Five new faces on the beat
14 September 2018
New police constables Fraser Kinnerley, Josh Houlahan (former student), Sreejith Sreekumar, Jake Bone and Beth Beech are starting out in their new careers in Whanganui.
Whanganui's police numbers have been boosted by five new constables as part of the drive to recruit more staff.
Constables Fraser Kinnerley, Josh Houlahan, Jake Bone, Beth Beech and Sreejith Sreekumar were officially welcomed at a mihi whakatau on Wednesday, September 12.
Bone has been in the job for four months, Sreekumar for two months and Kinnerley, Houlahan and Beech for just two weeks.
The new constables come from diverse backgrounds and, although initially assigned to traffic units, are looking forward to learning more about all areas of policing.
Kinnerley is originally from Derby in England and has been in Whanganui for 14 years. Most recently he has worked in loss prevention for two local big box stores and his goal has been to get into the police after applying four years ago.
"I wanted to do something where I could help every day, make someone's life a bit better," Kinnerley said.
Houlahan, who has been in Whanganui for 25 years, signed up for the police 10 years ago but, fresh out of school, was too young.
"So I had my children and studied education and psychology but I couldn't get past being a police officer - it's my dream job," Houlahan said.
"My wife wanted to be a police officer too and we came along to an information session. After it, I said to her 'this is my job' and she was happy with that. I fell in love with it.
"I want to work with youth. It's a big thing for me. If we can break through to youth, it's a better life they have and one less person we have to deal with."
Bone is an Australian who moved to Whanganui recently. He was previously an electrician and a voluntary worker with children who got into trouble.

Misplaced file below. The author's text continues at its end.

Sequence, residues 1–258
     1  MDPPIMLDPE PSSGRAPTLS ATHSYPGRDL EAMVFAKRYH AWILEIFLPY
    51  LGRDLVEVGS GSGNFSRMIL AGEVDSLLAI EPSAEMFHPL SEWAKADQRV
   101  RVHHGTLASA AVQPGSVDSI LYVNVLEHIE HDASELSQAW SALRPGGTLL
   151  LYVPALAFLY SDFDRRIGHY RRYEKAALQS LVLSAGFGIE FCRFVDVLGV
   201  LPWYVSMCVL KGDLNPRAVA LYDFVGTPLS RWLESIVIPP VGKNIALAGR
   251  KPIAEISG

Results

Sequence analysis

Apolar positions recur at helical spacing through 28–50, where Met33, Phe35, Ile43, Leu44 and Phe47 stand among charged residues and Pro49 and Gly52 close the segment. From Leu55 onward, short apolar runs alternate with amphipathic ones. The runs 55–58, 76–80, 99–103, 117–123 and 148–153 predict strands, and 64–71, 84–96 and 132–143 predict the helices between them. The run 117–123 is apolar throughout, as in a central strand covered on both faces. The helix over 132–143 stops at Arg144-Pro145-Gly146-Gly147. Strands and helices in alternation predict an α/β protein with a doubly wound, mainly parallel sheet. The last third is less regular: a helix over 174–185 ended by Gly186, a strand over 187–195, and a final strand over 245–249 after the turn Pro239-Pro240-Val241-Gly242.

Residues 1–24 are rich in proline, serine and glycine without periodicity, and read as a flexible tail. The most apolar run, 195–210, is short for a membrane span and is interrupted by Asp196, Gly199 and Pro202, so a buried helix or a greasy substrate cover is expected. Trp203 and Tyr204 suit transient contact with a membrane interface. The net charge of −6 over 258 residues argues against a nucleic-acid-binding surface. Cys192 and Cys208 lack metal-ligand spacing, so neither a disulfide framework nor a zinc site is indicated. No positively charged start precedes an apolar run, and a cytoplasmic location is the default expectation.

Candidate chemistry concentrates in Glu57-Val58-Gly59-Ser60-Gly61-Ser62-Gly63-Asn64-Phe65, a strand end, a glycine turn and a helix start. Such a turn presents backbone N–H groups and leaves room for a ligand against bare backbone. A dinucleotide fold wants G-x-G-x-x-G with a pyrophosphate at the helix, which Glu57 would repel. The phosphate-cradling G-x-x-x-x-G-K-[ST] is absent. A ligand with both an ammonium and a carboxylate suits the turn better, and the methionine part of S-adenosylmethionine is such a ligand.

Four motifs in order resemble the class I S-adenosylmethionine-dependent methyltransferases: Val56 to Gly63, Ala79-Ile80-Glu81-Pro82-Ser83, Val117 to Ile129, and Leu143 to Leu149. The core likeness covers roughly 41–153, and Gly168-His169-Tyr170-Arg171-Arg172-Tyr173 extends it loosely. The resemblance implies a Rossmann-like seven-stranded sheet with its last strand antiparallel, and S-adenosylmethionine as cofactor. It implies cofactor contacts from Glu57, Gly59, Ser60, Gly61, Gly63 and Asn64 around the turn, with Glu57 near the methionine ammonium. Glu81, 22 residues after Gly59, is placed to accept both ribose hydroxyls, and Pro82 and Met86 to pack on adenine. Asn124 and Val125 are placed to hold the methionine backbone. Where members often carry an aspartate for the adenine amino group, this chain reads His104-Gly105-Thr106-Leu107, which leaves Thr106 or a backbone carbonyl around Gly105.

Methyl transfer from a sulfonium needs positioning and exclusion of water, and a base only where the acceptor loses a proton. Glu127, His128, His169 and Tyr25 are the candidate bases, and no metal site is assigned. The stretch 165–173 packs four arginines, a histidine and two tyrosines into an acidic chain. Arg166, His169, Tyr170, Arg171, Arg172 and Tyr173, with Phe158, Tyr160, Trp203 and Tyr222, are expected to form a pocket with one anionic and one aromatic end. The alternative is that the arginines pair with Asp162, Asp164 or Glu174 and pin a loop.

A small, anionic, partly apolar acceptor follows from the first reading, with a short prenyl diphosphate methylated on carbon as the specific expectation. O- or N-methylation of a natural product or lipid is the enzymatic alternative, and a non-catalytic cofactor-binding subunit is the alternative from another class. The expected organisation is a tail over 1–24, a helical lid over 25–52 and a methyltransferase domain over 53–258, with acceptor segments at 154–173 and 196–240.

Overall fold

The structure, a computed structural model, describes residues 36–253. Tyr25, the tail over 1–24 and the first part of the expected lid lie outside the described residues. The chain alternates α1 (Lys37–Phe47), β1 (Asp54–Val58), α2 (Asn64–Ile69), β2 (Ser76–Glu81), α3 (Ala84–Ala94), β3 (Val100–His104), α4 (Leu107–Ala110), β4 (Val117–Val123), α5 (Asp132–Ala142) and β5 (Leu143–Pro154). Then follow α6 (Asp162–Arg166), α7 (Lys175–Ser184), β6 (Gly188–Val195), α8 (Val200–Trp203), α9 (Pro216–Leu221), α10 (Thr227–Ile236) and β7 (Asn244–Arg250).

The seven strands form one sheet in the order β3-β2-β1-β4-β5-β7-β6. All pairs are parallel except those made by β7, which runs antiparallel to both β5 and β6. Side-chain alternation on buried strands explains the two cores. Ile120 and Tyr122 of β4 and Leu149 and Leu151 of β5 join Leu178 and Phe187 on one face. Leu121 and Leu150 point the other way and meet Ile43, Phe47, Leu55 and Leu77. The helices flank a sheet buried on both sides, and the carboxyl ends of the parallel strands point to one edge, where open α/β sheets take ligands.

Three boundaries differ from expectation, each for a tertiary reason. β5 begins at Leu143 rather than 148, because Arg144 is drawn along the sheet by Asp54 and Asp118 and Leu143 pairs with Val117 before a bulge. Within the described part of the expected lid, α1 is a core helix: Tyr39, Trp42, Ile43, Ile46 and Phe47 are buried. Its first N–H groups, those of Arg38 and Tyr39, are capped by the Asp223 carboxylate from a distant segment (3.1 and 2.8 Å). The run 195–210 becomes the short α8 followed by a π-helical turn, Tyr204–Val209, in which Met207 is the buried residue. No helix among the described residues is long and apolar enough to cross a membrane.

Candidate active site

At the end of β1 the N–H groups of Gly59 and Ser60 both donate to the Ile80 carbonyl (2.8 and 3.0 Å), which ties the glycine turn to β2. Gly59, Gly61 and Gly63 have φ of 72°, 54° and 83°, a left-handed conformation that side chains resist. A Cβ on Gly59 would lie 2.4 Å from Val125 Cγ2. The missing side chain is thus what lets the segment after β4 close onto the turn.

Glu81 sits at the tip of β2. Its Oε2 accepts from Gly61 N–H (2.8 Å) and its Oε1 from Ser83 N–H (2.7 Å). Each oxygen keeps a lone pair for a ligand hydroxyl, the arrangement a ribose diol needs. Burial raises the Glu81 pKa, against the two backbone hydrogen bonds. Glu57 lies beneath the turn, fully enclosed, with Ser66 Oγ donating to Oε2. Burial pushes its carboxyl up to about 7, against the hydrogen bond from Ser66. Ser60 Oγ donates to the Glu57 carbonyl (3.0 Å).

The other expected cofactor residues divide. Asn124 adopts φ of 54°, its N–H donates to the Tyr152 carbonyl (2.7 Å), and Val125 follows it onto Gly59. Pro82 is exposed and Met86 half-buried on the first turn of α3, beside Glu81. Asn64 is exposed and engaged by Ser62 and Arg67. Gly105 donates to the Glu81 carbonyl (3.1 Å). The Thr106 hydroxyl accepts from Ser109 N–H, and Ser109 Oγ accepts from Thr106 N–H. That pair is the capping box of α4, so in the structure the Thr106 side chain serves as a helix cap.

"I wanted to help out families - I have a big need to help people," Bone said.
"I'd like to get into family harm and detective-type work. I'm here to make as much of a difference as I can."
Beech was born and bred in Palmerston North and worked for an insurance broker until she got sick of being stuck in an office all day.
"There are six professional standards that the police are really encouraging people to stand for and I support them," Beech said.
"They are integrity, professionalism, respect, empathy, valuing diversity and commitment to the Treaty [of Waitangi] and Maori. They are pushing and encouraging staff to follow those and I really agree with that."
Sreekumar is from the south of India and is proud to be the first officer from his community in the central police region. He and his wife moved to Whanganui seven years ago when she got a nursing job at Whanganui Hospital.
With a background in computers and information security, Sreekumar is keen to use his skills in his new career.
"I really wanted to be a computer security specialist and I can see a wonderful career for me with the police in this area," Sreekumar said.
"I'm proud to serve the community."
Senior Sergeant Andrew McDonald said with the Government's boost in policing numbers, more new staff were being sought for Whanganui.
Anyone interested in finding out more about a career in the police can contact McDonald at the Whanganui Police Station or by email at firstname.lastname@example.org. Information is also available online at www.newcops.co.nz or phone 0800 NEW COPS (0800 639 2677).
By Sue Dudman
Wanganui Chronicle 14/9/18